Evaluation of automatic time gain compensated in-vivo ultrasound sequences

Publication: Research - peer-reviewArticle in proceedings – Annual report year: 2010

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Ultrasound imaging is increasingly being used in applications such as surgery, anesthesia and urology, where the users are not trained radiologists. User studies indicate that these users rarely adjust the controls of the ultrasound scanner. This project presents a preliminary evaluation of a new algorithm for automatic time gain compensation (TGC) on in-vivo ultrasound sequences. Forty ultrasound sequences were recorded from the abdomen of two healthy volunteers. Each sequence of 5 sec was recorded with 40 frames/sec. Post processing each frame, a mask is created wherein anechoic and hyper echoic regions are mapped. Near field hyper intensity and deep areas with low signal strength are also included in the mask. The algorithm uses this mask to create a parallel image where anechoic and hyper echoic regions are eliminated. From this, the mean power is calculated as a function of depth. The power is then used as an estimate of the attenuation, and from this, the needed compensation is found. The measurements were performed by an experienced sonographer using an ultrasound scanner (2202 ProFocus, BK Medical, Denmark) with a 192 elements concave transducer (8820e BK Medical). A research interface was used to retrieve unprocessed data from the scanner with no preset TGC, using a standard abdominal setup. Five experts in medical ultrasound evaluated the unprocessed and processed video sequences in a double-blinded randomized trial on image quality and penetration depth. In the evaluation of image quality, the unprocessed and processed sequences were displayed in pairs side-by-side in random order and with random left right placement. Each pair was displayed and scored twice, with different permutations. The sequences were evaluated on their relative clinical value. P-values on the order of 10-8 - 10-14 indicate that the image quality of the processed sequences are clinically better than the unprocessed. In the evaluation of penetration depth, all the processed and unprocessed sequences were displayed in random order. Each sequence was evaluated on the basis of; at what depth the image quality had decreased so much that it was of no clinical value. The pooled results show a mean increase in penetration depth of 1.91 cm with a p-value of 1.19 - 10-18. In conclusion a new algorithm has been developed and evaluated. It is capable of compensating for the depth attenuation on abdominal in-vivo ultrasound images.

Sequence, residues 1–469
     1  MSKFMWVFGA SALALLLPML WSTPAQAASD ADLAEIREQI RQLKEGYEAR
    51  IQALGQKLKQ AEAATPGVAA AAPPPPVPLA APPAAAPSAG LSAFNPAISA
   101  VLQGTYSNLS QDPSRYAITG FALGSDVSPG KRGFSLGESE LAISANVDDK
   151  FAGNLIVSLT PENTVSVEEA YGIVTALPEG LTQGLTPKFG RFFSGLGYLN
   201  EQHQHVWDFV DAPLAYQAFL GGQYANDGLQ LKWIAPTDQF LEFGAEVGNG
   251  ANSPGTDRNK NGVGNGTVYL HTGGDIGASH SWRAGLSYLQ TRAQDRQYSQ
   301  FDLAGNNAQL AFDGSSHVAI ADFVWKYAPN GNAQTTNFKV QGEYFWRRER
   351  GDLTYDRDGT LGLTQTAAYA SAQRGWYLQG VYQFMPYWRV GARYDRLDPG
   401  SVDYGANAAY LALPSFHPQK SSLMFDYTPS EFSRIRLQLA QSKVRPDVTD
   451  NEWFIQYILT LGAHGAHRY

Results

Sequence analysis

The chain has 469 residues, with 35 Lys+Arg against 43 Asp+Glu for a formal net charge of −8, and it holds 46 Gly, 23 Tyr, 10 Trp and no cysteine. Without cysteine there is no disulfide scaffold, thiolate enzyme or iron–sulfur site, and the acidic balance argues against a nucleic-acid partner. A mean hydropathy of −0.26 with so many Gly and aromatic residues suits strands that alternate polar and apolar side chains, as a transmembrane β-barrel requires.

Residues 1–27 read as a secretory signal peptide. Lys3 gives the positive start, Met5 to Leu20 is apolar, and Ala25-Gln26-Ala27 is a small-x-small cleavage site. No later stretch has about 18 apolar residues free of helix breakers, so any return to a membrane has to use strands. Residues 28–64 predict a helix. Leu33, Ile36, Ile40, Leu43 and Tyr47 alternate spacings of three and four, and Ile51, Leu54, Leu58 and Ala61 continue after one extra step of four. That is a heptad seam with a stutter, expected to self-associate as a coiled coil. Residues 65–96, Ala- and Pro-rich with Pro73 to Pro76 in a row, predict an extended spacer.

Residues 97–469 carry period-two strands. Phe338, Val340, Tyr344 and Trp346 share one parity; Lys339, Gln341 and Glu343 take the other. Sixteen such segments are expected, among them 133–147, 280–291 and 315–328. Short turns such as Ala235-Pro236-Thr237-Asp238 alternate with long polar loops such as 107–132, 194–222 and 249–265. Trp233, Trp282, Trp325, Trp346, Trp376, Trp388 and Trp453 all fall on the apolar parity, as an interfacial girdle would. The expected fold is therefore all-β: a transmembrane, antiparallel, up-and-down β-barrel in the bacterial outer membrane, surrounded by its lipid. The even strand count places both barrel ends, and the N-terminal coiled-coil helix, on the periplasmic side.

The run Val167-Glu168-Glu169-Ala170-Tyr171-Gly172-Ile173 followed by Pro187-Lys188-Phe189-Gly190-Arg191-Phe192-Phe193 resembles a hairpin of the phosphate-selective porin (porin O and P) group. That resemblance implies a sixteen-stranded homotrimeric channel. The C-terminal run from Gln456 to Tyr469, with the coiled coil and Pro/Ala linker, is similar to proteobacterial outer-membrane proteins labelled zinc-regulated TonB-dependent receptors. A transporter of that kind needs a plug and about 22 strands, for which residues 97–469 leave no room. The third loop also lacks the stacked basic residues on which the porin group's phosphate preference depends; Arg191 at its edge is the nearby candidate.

Original languageEnglish
Title of host publicationProceedings of the 2010 IEEE International Ultrasonics Symposium.
PublisherIEEE
Publication date2010
Pages1640-1643
ISBN (print)978-1-4577-0380-5
DOIs
StatePublished

Conference

Conference2010 IEEE International Ultrasonics Symposium
CountryUnited States
CitySan Diego, California
Period11/10/1014/10/10
Internet addresshttp://ewh.ieee.org/conf/ius_2010/

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